I, like a lot of people, have been following Brian Cox’s show Wonders of the Universe. And I, like a lot of people, have really enjoyed it. The enthusiasm he has for his subject is infectious and his ability to reduce complex principles into language that the layperson can understand is invaluable. There is, however, one small thing about him that has annoyed me and it can be summed up using a word that he has taken to using an awful lot in his tweets. Nobber.
I love science. In the pursuit of truth, knowledge and understanding the empirical scientific method is, in all cases where it can be applied, the best tool we have. And this is the thing about science I love the most. For all the technological advancements, the years it has added to my life expectancy, the things it reveals about the gigantic universe or the unfathomably tiny atoms that make us up, the thing that excites me the most is the simplest principles by which it operates. That hypotheses must be demonstrated in experiment, and that all knowledge remains subject to scrutiny and criticism so that if ever our understanding is shown to be wrong we can adjust.
This is, by my mind, one of the most incredible aspects of science. It insists upon humility. Truth is, as a history of philosophy has shown, a slippery beast. This implicit acknowledgment of our own fallibility allows us to slowly climb away from ignorance and toward knowledge. We need a tool like the scientific method because our own intuitions are so often flawed. It is the reason why we once thought the sun moved around us. It is the reason Nostradamus’s prophecies might seem accurate. And sure, a lot of seemingly irrational behavior continues today. It is the reason that we all think we are of above average intelligence. People spend a fortune on alternative medicines with no evidence that they work. People get concerned about the effects of the moon coming a little closer to us than normal. People worry about Mayan prophecies. To think rationally and logically often involves overcoming our own inherent irrationality.
I wouldn’t say our minds are flawed, but perhaps they are not calibrated for the world we live in. My favourite example of this is in this video. So while I am happy to have not only the scientific method, but also a world of scientists figuring out all the really hard stuff for me so that my understanding of the world can be expanded, it is not so hard to understand why people can cling onto beliefs and ideas that seem utterly stupid. Where we see those ideas and beliefs I think there is value in challenging them, in pointing out the evidence to the contrary. There is also a huge amount of value in doing so in a respectful way. Aggressively attacking peoples beliefs doesn’t tend to be a good way of getting them to see the error of their views. The word ‘nobber’, as Brian Cox has taken to using to describe people with such irrational beliefs, is not a great opening gambit. Sure, a lot of the ideas these people are expressing are pretty outlandish. The world ending in 2012, the supermoon causing disasters, homeopathy, all of these are scientifically disprovable. But when you open by calling someone a nobber they won’t be too receptive to the evidence.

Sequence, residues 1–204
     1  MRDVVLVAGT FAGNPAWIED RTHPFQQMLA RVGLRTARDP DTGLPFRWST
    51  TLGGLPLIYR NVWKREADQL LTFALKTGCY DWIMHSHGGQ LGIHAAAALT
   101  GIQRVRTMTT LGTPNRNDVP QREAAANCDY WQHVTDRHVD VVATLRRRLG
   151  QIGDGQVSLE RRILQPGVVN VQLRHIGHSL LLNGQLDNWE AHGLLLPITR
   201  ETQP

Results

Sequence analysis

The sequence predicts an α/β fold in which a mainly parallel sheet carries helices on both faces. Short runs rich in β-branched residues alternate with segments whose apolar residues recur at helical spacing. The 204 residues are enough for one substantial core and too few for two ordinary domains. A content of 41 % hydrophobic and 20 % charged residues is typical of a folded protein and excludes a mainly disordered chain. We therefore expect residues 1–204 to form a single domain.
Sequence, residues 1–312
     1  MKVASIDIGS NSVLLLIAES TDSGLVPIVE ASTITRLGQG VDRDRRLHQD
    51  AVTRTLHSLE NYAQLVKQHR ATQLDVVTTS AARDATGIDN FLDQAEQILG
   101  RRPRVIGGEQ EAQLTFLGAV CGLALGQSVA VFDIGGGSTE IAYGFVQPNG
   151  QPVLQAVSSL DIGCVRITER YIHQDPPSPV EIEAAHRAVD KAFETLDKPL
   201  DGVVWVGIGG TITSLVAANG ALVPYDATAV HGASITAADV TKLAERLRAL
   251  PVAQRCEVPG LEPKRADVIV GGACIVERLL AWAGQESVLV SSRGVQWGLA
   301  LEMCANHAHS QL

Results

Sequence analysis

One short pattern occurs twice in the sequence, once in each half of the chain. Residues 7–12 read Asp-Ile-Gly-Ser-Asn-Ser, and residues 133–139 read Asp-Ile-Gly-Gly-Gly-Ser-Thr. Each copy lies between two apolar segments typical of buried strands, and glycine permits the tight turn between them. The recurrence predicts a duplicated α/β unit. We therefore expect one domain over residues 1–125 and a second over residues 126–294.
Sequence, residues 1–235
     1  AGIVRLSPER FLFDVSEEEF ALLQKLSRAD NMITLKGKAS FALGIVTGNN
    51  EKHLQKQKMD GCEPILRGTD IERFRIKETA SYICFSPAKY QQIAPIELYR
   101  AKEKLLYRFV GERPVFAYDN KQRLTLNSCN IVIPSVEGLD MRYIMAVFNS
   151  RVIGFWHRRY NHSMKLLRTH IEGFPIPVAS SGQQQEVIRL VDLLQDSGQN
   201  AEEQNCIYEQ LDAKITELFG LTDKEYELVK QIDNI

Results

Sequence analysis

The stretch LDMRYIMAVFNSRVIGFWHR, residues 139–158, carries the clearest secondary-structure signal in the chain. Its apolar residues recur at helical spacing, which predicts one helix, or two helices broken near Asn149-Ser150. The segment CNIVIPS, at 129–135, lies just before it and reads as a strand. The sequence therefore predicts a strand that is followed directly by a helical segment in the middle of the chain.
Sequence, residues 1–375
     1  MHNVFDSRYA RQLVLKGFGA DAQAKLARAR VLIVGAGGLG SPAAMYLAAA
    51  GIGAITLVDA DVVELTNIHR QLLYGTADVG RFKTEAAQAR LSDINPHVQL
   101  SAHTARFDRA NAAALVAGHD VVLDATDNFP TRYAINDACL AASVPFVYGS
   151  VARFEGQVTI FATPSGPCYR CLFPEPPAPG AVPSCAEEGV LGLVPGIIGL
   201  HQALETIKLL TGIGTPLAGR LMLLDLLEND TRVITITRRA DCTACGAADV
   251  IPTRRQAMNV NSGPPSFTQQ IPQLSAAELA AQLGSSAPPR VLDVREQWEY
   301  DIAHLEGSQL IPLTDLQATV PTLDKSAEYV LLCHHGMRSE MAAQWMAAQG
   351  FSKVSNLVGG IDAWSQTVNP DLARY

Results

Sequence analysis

I do also know that the people who hold these views can be fairly aggressive and dismissive themselves. My call for respectful language in all argument goes both ways.
I’m not saying, by the way, that it is Brian Cox’s responsibility to sit down all the irrational thinkers he encounters and slowly and patiently talk them through the scientific evidence. I’m also fairly sure that the people who follow Brian on twitter already agree with him, so his ‘nobber’ tweets probably don’t have a lot of reach outside his own group of fans. But science can be hard to understand, and the scientific method can, at times, provide conclusions that seem totally counter-intuitive. And that doesn’t even take into account the more frustrating cases of people just deciding to believe what they want to believe.
So, by way of a conclusion; the world isn’t going to end in 2012, the supermoon didn’t cause any disasters and homeopathy is no more effective than placebo. I am free to point all that out to anyone who disagrees but there is absolutely no value whatsoever in insulting them.
Interestingly enough it was Brian Cox that demonstrated some of these ideas extremely succinctly in his televised lecture over Christmas wherein he pointed out the in-built impartiality of the scientific method in a way that was calmly delivered and inclusive. So if it sounds like I don’t like Brian, that’s not the case at all. I just wish he’d stop calling people nobbers. Even if it did make me laugh the first time I read it.